Among the show’s many pleasures over three seasons and a movie were its irresistible Dandy Warhols theme song, one of the best depictions ever of a father-daughter relationship (with the great Enrico Colantoni) and the combination of standalone stories and satisfying season-long arcs.
Look for now-familiar faces peppered throughout, including Krysten Ritter (“Jessica Jones”), Tessa Thompson (“Thor: Ragnarok”), Amanda Seyfried (“Twin Peaks: The Return”) and Max Greenfield (“New Girl”).
That Bell — who could pivot from snark to heartbreak in an instant — would go on to be a star felt like a foregone conclusion to anyone who had been to “Mars.”
A long time ago, we used to be friends. Fortunately, we still are.
Streamable on iTunes, Amazon and go90.
“The Outer Limits”
“The Twilight Zone” is what most people cite when talking about vintage anthology series that revolve around the weird and fantastic. But I’ll take “The Outer Limits.”
When, as a youth, I first saw the ominous opening with the narrator warning, “There is nothing wrong with your television set. Do not attempt to adjust the picture,” I was a goner.
The hour-long episodes, filmed in glorious black-and-white, had a key element that “The Twilight Zone” lacked — monsters!
Almost every week, there would be a different, bizarre creature. But the series had a higher purpose than horror. Like “The Twilight Zone,” there was a lesson or twist that would be a commentary on the human condition.
Still, the show was definitely scary. One episode titled “ZZZZZ” featured a sexy, mysterious woman who was actually a — well, the title gives a clue. Another, called “Don’t Open Till Doomsday,” had a box with a hole that revealed a blinking light. Those who looked in the box would disappear inside and . . . I won’t spoil it, but it still makes me shudder. The series was revived in 1995. The original is also available on DVD, and there’s talk of a Blu-Ray coming soon.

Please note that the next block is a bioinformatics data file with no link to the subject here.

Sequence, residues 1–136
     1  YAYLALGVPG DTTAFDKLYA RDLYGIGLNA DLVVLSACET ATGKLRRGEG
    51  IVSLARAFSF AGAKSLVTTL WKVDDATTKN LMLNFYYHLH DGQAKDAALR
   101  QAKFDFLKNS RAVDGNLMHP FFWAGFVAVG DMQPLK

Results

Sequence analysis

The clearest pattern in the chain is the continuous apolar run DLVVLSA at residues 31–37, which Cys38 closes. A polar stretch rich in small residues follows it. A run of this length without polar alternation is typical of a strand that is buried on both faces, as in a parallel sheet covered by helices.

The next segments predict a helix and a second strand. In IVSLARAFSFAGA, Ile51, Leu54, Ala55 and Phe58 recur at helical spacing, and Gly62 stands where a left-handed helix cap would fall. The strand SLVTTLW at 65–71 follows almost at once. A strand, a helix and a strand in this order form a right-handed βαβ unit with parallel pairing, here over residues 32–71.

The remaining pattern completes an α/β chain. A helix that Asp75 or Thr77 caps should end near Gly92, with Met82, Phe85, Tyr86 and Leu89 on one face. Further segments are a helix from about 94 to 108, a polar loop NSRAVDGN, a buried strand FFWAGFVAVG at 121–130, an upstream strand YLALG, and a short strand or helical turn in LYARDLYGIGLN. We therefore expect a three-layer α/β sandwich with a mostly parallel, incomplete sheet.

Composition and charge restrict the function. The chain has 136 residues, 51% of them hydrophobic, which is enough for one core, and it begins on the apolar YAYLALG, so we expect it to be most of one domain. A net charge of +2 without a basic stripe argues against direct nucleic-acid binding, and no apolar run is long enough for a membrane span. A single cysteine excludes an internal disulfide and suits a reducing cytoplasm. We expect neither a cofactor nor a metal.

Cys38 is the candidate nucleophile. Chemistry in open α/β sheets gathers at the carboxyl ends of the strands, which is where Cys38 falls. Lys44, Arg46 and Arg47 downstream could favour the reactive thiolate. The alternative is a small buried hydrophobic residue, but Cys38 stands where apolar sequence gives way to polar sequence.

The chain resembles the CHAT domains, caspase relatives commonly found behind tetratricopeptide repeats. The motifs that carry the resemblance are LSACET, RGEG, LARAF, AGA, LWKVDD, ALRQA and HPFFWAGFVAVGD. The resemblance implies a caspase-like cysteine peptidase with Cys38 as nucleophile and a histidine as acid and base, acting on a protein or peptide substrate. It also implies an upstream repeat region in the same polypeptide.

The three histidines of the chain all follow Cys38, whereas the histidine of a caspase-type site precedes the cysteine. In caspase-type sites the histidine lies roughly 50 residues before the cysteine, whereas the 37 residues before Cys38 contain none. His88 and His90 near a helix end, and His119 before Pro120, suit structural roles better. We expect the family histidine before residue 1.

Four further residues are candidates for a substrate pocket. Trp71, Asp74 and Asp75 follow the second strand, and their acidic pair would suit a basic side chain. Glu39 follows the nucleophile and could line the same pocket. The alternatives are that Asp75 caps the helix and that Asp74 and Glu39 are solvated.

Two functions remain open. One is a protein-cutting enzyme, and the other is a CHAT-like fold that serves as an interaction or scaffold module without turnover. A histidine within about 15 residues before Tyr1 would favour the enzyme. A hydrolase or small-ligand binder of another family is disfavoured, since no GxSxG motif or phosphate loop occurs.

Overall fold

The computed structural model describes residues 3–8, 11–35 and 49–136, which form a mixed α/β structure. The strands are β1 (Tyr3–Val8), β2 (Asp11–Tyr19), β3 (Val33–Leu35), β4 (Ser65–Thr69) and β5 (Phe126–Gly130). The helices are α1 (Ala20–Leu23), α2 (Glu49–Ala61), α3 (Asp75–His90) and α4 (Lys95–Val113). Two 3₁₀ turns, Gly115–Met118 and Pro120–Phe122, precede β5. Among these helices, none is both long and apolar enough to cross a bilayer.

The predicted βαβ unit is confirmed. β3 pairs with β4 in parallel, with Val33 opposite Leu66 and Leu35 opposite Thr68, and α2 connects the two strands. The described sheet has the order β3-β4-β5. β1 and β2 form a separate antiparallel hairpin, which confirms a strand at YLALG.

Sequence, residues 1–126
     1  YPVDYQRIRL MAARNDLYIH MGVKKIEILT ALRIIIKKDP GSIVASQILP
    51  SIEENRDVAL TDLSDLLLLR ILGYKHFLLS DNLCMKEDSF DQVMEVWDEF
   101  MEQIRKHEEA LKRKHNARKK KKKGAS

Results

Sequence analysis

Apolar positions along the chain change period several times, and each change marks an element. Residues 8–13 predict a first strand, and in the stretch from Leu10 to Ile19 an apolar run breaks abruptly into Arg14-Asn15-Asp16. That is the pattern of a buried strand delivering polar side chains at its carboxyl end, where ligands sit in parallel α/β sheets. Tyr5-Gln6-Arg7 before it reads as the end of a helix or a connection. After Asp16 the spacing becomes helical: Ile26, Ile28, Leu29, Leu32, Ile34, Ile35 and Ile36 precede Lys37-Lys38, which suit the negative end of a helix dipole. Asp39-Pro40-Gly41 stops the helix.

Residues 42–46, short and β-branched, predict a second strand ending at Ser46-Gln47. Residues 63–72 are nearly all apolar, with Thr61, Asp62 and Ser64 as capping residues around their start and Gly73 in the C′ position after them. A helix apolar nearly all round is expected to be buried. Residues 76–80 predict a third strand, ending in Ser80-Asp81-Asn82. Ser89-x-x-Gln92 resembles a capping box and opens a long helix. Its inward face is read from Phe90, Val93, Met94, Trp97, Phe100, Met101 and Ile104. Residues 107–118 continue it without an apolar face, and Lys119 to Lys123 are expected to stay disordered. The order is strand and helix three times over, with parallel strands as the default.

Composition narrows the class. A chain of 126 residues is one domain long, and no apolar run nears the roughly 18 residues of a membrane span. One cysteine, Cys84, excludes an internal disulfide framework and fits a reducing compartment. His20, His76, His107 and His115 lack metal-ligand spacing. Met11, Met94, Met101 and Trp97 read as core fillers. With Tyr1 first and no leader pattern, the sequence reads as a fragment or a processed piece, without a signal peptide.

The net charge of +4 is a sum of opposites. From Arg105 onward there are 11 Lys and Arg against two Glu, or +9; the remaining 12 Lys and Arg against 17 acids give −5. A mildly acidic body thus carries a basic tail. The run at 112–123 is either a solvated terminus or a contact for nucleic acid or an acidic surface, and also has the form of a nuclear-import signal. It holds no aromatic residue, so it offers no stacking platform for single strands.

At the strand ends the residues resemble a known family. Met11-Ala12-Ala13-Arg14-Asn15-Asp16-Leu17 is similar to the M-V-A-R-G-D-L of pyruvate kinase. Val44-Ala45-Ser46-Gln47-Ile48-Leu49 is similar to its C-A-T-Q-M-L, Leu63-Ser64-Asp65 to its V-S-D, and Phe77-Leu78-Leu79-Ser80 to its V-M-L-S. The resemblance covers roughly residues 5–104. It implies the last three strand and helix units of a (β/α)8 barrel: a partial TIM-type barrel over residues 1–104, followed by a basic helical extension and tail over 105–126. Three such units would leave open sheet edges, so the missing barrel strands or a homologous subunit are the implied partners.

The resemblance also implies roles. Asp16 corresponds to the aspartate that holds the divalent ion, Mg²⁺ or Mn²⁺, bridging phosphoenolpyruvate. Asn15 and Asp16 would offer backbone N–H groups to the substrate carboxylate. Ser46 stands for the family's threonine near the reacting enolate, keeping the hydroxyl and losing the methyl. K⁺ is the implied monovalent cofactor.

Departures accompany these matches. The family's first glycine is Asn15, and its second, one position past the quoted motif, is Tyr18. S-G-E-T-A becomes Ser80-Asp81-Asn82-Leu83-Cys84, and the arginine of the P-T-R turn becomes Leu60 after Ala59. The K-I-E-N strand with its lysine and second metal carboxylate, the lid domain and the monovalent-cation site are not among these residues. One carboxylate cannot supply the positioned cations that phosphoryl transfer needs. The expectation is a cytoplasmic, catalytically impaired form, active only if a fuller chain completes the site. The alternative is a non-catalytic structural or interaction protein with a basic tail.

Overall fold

Streamable on Hulu.
British reality shows: “Grand Designs” and
As a chronic Anglophile, I am always happy to gobble up a new season of “The Crown” or the latest “Masterpiece” import. But when I really, really want to get cozy, I opt for British shows with nary a bonnet or horse-drawn carriage in sight.
For several years now, my go-to happy place has been “The Great British Baking Show,” a.k.a. “The Great British Bake-Off,” a niche favorite in the U.S. that is a national sensation in the U.K. With its pastel palette and artfully edited shots of swirling mixers and glistening cakes, the show is soothing to watch even when tensions run high.
Another favorite is “Grand Designs,” an unscripted show that follows ambitious home builds and renovation projects from start to finish (or “kinda finished,” in some cases), often through hair-raising budget overruns and disastrous architectural snafus.
Both shows offer the satisfaction of a close-ended journey within each episode, plus a hearty sprinkling of British wit — and none of the product placement that can make similar American shows grating.
As I’ve learned from experience, “Grand Designs” and “The Great British Baking Show” are crowd-pleasers that will appeal to “Downton Abbey”-loving parents and hipster, food-and-design-snob friends alike — making them perfect for viewing on the couch together in a post-holiday stupor.
Streamable on Netflix.
When you want to run from the world and hide in your TV, there is no better, kinder place than behind the scenes of “The TGS Show” as imagined by Tina Fey. So playful in its twisted, joke-a-minute execution it could’ve existed as a cartoon (though Fey briefly does appear in Muppet form), “30 Rock” ended less than five years ago yet feels drawn from a far more innocent time.
While its taste for pushing limits yielded a few lines about race and sex that curdle in the light of 2017, Fey’s show remains consistently and rewardingly absurd thanks to an unrivaled imagination — Leap Day William, anyone? — and an inspired roster of performers (Jack McBrayer’s Kenneth is a national treasure, along with guests such as Elaine Stritch, Will Forte and Jon Hamm). Plus, “30 Rock” features the peak comic brilliance of Alec Baldwin as a parody of a right-wing corporate capitalist who, refreshingly, doesn’t hold elected office.